Ismene Brown

Dance has never addressed whether making money is a good or bad thing. It’s time to do so

Dance has never addressed whether making money is a good or bad thing. It's time to do so
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A couple of weeks ago some dance instructors went to Westminster to coach MPs to shake their tushes for the cameras, while they promised to support a ‘dance manifesto’ for Britain. Since then the image of MPs twerking has stuck to the inside of my head like snail slime on my hands. I’ve scrubbed away with the mental Swarfega but I can still sense those lovely, lively honourable members of a certain age who feel they can best drum up public support for British dance by going onto the floor themselves.

You might be surprised that there exists an All-Party Parliamentary Group for Dance in Westminster at all. The 20 members include those grand inquisitors John Whittingdale and Margaret Hodge, although you’re more likely to find the group’s founders Sir Gerald Kaufman and Frank Doran jiving in public.

I’m split about all of this. Half of me winces - do we think hard-pressed British opera should flatter for MPs’ support by coaching them to emit a line or two of ‘Gott! Welch dunkel hier’? The other half of me gives a high five to the Dance UK lobby for their PR chutzpah. The likeable Doran, nine years secretary of the all-party group, has just been gonged for his championing of dance education in schools at this year’s National Dance Awards. A Good Thing.

And isn’t it generally a good thing that dancing brings everyone together, mass happy-clappies in Trafalgar Square, knees-ups at day centres, ballet exercises for football youth clubs, even lindy-hops for MPs? The all-party group’s mission statement is nice: ‘To promote dance as an art form and as an important element of healthy living and the fight against obesity; and to promote its educational and social benefits.’

That’s four separate missions in one sentence: art, health, education, social service - equal in rank, carefully not prioritised. And as the political climate prepares for further changes, most particularly in public funding on which dance is heavily reliant, we should expect that a large-scale dance conference organized by Dance UK in early April will be capable of asking and answering some hard questions. The four platforms of the performing dance world - theatre, street, ballroom and screen - will sit down with the enablers and funders to hammer out updates to the various areas of ‘British dance policy’ for the next five years.

Dance policy, manifesto - these are solemn words. From now to 2020, whatever the result of the election, the shift from public to private funding of minority entertainments will proceed, more or less bloodily. Unlike opera, dance has so many charming hats and wiles that its identity is unclear, and it has never addressed whether making money is a good or bad thing, or whether social imperatives should override art ones. You have a hard question? Here’s Darcey Bussell to take your mind off it. The fact that no one wants to say in the Dance Manifesto which hat’s on top is clear from the conference’s enormous range of sessions, all, surely, expecting affirmative action. I should add that I’m chairing one of the panels.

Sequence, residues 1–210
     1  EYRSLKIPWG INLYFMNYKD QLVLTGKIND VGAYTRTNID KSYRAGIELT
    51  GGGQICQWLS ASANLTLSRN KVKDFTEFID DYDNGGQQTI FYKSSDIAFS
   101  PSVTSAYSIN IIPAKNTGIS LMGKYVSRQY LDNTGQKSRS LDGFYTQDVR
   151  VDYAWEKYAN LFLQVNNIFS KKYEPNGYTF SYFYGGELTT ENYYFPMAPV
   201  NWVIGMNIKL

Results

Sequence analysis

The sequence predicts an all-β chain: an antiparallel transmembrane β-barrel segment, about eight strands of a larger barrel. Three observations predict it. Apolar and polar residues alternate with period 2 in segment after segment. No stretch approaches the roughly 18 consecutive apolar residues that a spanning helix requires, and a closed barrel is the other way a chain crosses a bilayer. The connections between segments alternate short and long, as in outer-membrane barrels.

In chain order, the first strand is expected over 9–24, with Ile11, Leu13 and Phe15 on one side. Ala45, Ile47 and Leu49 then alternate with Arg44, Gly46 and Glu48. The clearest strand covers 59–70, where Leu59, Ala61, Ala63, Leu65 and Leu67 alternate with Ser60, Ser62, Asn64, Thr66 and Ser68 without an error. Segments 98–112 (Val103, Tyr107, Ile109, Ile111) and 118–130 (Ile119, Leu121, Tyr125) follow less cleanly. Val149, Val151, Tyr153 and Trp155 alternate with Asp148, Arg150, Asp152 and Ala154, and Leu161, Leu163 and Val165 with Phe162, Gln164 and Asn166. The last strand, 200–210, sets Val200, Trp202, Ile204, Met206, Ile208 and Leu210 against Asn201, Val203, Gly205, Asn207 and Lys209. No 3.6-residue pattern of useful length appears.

But I don’t think that a valuable dance policy can be made by conceding to every aspect of what everyone expects dance to do. For instance, my critic’s role is to focus on the ‘art’, and unarguably the entire body of British dance creativity since World War II has been more or less publicly funded. Yet no one takes the source of funding into consideration when thinking, ‘This is good.’ Politicians and taxpayer lobbies have a different measure of ‘good’ - they expect publicly funded art to show value for money, which means good box office performance or some other measurable contribution to the public weal. A person who only goes to see dance at Christmas looks for an affordable Nutcracker or Swan Lake experience, not caring whether it’s reach-me-down Russian or a UK company paying dancers a living wage. A regular at their town’s theatre wants lively variety, to feel pride in the arts in their locality. Meanwhile their theatre just wants to fill the seats.

A choreographer hopes to be supported in a long-developing creative career, permitted to make mistakes in order, hopefully, to make masterpieces. A dancer wants to be sustained through injury and retirement. A creative artist wants to experiment, and sod the box office. Diplomats need dance to be a British cultural asset abroad. An artistic director wants to hire the best dancers available. A parent wants their child’s expensive ballet training to lead to a job. A public funder wants dance to fix social prejudices. A broadcaster wants dance to be sexy and camera-friendly. A secondary school teacher sees the personal development that awkward kids get from the imaginative exercise of dance. A government wants dance to make fat people thinner, sick people healthier, and the awkward squad more controllable. Dance is identity/ art/ a bit of fun/ crime prevention. Dance is best left to the professionals; dance is best not left to the professionals.

Positively lovely as it is for dance to mean so many good things to so many eager people, this coming conference needs to generate hardheaded value judgements where at the moment the Dance Manifesto wants to keep all its children equally well mothered. A love-in with twerking MPs means nothing if priorities are not set. Politics is about choosing and acting, regardless of the tears shed.

Dance UK's industry wide conference is on from 9-12 April at various London venues